VICTORIA (NEWS 1130) — B.C. recorded three COVID-19 deaths and 12 cases on Thursday, as well as a new outbreak at a federal prison in Abbotsford.
Provincial Health Officer Dr. Bonnie Henry also announced the number of intensive care patients has fallen to eight, down from 24 at the beginning of the month, while 43 people remain in hospital.
She added a single case of the virus has been reported at Matsqui Institution in Abbotsford.
The Correctional Service of Canada confirmed a prisoner tested positive at Mountain Institution Wednesday after transferring from Matsqui Institution, a medium-security prison in Abbotsford.
“We are working very closely with our federal correctional colleagues and the Fraser Health Authority to ensure that we are doing everything to prevent any additional new cases,” Henry said.
“This person was identified early and has very few risky contacts, so got some good thing for us.”
An earlier outbreak at Mission Institution spread to 120 prisoners, and one man died. Only one case at that prison is still active, according to the correctional service.
BC's #COVID19 update:
*Three more deaths (152)
*12 new cases (2,479)
*Outbreak over at United Poultry in #Vancouver (36 cases), facility re-opens
*43 in hospital, eight in ICU
*Recovery rate holds at 81%
*40,000 travellers screened in BC so far (coming via land/air)
— Sonia Aslam (@SoniaSAslam) May 21, 2020
Henry added the outbreak at United Poultry in Vancouver, where more than 30 workers were infected, is now over.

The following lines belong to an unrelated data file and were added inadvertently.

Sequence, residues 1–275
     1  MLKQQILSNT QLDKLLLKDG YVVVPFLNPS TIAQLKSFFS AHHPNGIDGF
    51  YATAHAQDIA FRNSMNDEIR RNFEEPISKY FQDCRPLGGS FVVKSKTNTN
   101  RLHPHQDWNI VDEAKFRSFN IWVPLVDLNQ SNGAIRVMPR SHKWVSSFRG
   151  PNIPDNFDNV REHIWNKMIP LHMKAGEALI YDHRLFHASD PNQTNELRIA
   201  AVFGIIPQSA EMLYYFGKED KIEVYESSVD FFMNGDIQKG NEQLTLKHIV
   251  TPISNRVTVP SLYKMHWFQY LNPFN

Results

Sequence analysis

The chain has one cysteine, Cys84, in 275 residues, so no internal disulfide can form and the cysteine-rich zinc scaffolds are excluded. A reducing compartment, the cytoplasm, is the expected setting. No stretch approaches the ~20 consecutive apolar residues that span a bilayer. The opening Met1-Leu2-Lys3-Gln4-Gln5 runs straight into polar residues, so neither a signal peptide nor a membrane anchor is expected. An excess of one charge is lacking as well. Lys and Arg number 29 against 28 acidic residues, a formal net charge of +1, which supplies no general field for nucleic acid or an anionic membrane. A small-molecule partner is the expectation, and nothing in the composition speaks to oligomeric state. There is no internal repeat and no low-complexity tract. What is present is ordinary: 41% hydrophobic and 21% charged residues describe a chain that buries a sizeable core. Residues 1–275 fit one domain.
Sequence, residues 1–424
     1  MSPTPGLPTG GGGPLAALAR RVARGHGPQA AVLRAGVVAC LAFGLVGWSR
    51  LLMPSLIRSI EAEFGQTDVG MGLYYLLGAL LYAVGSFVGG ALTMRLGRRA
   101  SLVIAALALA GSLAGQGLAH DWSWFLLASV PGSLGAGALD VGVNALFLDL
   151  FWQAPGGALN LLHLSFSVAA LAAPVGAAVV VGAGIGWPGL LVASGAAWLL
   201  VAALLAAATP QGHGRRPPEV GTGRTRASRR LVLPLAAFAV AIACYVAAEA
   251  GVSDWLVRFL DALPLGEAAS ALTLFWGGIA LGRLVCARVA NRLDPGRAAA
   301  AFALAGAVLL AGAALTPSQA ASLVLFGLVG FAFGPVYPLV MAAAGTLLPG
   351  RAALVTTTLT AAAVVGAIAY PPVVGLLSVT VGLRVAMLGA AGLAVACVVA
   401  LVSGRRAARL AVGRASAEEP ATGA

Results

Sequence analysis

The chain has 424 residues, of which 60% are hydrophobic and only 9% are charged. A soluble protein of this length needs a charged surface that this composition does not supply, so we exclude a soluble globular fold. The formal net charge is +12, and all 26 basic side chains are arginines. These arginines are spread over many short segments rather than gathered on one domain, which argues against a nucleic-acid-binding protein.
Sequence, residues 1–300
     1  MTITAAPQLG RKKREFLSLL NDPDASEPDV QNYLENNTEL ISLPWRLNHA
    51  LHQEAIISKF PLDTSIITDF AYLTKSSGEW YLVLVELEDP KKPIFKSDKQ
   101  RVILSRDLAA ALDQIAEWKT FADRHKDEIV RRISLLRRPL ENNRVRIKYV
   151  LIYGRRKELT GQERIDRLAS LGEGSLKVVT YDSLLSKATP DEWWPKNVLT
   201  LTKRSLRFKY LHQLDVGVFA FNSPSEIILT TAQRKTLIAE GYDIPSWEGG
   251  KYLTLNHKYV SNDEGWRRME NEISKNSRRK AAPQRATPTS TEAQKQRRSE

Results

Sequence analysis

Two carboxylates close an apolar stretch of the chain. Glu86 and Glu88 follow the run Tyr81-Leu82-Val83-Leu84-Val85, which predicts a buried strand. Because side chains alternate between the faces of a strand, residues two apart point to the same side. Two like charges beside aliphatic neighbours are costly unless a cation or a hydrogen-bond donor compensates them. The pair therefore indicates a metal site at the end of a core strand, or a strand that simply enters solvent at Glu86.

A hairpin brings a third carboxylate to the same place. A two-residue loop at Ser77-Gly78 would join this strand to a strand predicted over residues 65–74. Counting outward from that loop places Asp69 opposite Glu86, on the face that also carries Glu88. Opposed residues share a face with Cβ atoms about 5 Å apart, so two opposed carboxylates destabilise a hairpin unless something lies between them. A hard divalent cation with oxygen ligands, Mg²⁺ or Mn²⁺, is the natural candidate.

She reported no other new outbreaks, but said that 14 remain active at care homes and that one at the Windermere Care Centre in Vancouver is over.
To date, B.C. has recorded 152 COVID-19 deaths and 2,479 cases, while the recovery rate is holding at 81 per cent.
Henry said 62 per cent of the deaths have been men.
“So our stats are slightly different from what we’re seeing in other provinces across Canada,” but added they are in keeping with international numbers.
Looking ahead to a ‘second wave’
Health Minister Adrian Dix reported 2,586 elective surgeries of the approximately 30,000 that were delayed in March have now been rescheduled, and committed to completing all of those cancelled.
But doing so depends on limiting transmission of the virus and a second wave.
“As Dr. Henry has made clear, a second wave of COVID-19 is very likely, given the history of pandemics,” Dix said.
“Surgery renewal is shaped by COVID-19. Our success will be dictated by future events, such as the resurgence of COVID-19, or the potential for a second wave,” he added.
“Physical distancing saves lives, it stops the spread, it flattens the curve, and it gets people the surgeries they need. Physical distancing saves lives. Spread the message, not the virus.”
Henry pointed to South Korea, where there’s been inadvertent transmission of the virus from someone who went to a number of nightclubs and spread it to hundreds of people.
“So those are the types of situations we want to avoid right now,” she said.
Re potential for second wave
The pattern with other coronavirus is they come back in cooler months so chances are we will see with this virus as well. So even if we can control over summer chances are it will be more prevalent again in the fall.#bcpoli #covid19 @news1130
— LizaYuzda (@LizaYuzda) May 21, 2020
Henry expects a second save in the fall, given historical patterns, and said the key is to be prepared.
“If we look historically at all of the pandemics that we have historical data about, that is what has happened and sometimes we’ve seen a bigger wave in the second wave. “Sometimes it’s been smaller, so we don’t know what that’s going to look like, but we need to watch very carefully to see,” she said.
“That’s why I think it’s so important for us to maintain the lid on the numbers of cases that we’re seeing through the summer, so that we’re not starting off with a lot of spread in our community.”
– with files from Kathryn Tindale